Metastatic calcification

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Metastatic calcification is deposition of calcium salts in otherwise normal tissue, because of elevated serum levels of calcium,[1] which can occur because of deranged metabolism as well as increased absorption or decreased excretion of calcium and related minerals, as seen in hyperparathyroidism.

In contrast, dystrophic calcification is caused by abnormalities or degeneration of tissues[2][3] resulting in mineral deposition, though blood levels of calcium remain normal. These differences in pathology also mean that metastatic calcification is often found in many tissues throughout a person or animal, whereas dystrophic calcification is localized.

Density-Dependent Colour Scanning Electron Micrograph SEM (DDC-SEM) of cardiovascular calcification, showing in orange calcium phosphate spherical particles (denser material) and, in green, the extracellular matrix (less dense material).[2]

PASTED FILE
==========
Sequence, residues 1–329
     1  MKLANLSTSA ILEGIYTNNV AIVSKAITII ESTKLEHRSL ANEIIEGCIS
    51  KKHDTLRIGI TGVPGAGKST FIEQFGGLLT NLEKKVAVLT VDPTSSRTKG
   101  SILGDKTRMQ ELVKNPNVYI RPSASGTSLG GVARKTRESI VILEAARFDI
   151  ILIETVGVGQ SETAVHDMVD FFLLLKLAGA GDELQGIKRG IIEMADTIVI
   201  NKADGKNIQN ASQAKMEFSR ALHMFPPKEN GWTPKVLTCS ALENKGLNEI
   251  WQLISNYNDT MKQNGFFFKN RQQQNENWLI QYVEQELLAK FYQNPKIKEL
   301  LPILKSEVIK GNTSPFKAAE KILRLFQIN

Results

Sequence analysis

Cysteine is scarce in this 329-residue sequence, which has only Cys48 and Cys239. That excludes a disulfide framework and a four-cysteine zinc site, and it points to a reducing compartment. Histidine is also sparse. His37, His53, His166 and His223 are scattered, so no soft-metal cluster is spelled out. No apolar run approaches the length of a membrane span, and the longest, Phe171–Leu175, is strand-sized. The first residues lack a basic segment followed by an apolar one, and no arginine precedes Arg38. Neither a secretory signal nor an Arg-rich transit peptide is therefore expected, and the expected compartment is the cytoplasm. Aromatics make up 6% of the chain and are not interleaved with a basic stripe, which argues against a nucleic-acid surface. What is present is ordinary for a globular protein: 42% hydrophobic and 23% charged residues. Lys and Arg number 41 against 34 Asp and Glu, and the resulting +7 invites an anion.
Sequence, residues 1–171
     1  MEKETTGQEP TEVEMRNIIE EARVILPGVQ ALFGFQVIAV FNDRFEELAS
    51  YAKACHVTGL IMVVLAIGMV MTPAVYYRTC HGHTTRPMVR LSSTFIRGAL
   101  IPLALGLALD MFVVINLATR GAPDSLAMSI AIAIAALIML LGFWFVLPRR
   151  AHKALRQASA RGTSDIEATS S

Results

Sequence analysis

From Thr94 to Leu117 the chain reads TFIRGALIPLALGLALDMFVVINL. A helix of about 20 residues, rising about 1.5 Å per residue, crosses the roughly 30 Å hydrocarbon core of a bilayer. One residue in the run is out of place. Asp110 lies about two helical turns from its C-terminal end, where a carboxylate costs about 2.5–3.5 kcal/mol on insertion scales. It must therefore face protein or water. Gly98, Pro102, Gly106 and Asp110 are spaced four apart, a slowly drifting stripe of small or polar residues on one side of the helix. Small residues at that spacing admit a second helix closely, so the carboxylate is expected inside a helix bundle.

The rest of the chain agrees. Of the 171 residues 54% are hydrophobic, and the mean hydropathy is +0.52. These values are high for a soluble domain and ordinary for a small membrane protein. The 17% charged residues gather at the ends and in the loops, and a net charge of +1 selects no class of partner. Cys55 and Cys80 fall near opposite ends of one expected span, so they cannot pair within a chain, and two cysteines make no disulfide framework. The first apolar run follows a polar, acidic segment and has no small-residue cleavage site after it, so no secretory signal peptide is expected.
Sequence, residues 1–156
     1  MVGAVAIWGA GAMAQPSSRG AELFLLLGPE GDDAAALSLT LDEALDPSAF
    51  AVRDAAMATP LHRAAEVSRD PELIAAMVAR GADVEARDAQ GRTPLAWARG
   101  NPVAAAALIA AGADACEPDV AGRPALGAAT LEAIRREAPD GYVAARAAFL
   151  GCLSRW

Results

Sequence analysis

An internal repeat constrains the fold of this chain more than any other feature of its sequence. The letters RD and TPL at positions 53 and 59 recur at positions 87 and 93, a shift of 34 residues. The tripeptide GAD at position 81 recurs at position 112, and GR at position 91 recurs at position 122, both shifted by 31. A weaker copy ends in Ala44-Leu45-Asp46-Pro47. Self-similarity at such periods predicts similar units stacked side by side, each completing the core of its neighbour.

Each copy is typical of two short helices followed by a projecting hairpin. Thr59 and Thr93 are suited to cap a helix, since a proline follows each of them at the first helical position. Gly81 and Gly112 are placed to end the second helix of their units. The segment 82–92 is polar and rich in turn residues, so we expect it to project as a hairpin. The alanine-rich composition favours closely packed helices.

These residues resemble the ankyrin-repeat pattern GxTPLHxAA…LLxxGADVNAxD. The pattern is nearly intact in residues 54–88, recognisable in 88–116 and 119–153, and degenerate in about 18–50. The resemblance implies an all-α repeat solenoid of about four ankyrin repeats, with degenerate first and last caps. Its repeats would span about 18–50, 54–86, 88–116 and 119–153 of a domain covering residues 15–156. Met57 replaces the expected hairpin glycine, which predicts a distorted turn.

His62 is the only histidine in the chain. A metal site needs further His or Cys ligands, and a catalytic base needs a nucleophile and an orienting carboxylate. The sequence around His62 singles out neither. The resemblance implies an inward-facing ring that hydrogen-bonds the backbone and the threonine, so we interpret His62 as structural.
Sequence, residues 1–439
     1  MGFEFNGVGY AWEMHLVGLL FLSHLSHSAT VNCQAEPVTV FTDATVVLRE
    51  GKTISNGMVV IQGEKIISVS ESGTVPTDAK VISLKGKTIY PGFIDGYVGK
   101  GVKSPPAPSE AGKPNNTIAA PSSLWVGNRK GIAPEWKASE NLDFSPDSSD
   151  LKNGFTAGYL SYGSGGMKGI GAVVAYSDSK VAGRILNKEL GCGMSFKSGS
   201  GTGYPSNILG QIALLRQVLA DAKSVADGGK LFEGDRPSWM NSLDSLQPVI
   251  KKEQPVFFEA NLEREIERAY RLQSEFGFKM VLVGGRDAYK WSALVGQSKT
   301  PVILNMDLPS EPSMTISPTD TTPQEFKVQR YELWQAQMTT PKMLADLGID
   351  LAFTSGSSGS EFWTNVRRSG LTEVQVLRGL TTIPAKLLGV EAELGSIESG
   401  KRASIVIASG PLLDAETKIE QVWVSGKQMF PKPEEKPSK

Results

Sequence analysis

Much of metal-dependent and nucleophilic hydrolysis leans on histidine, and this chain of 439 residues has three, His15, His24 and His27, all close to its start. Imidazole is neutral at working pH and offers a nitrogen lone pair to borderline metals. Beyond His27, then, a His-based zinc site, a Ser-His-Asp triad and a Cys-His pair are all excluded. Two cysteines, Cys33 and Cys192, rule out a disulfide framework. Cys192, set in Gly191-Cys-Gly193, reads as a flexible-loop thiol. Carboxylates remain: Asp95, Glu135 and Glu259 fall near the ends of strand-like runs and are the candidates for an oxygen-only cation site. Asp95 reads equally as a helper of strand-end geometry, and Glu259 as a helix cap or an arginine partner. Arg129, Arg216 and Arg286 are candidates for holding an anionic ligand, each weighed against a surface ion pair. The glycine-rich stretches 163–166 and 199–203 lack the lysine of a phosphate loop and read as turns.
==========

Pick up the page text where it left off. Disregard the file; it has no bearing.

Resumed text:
Metastatic calcification can occur widely throughout the body but principally affects the interstitial tissues of the vasculature, kidneys, lungs, and gastric mucosa. For the latter three, acid secretions or rapid changes in pH levels contribute to the formation of salts.[4]

References[edit]

  1. ^ "Cell Injury". 
  2. ^ a b Bertazzo, S. et al. Nano-analytical electron microscopy reveals fundamental insights into human cardiovascular tissue calcification. Nature Materials 12, 576-583 (2013).
  3. ^ Miller, J. D. Cardiovascular calcification: Orbicular origins. Nature Materials 12, 476-478 (2013).
  4. ^ http://gamma.wustl.edu/bs139te145.html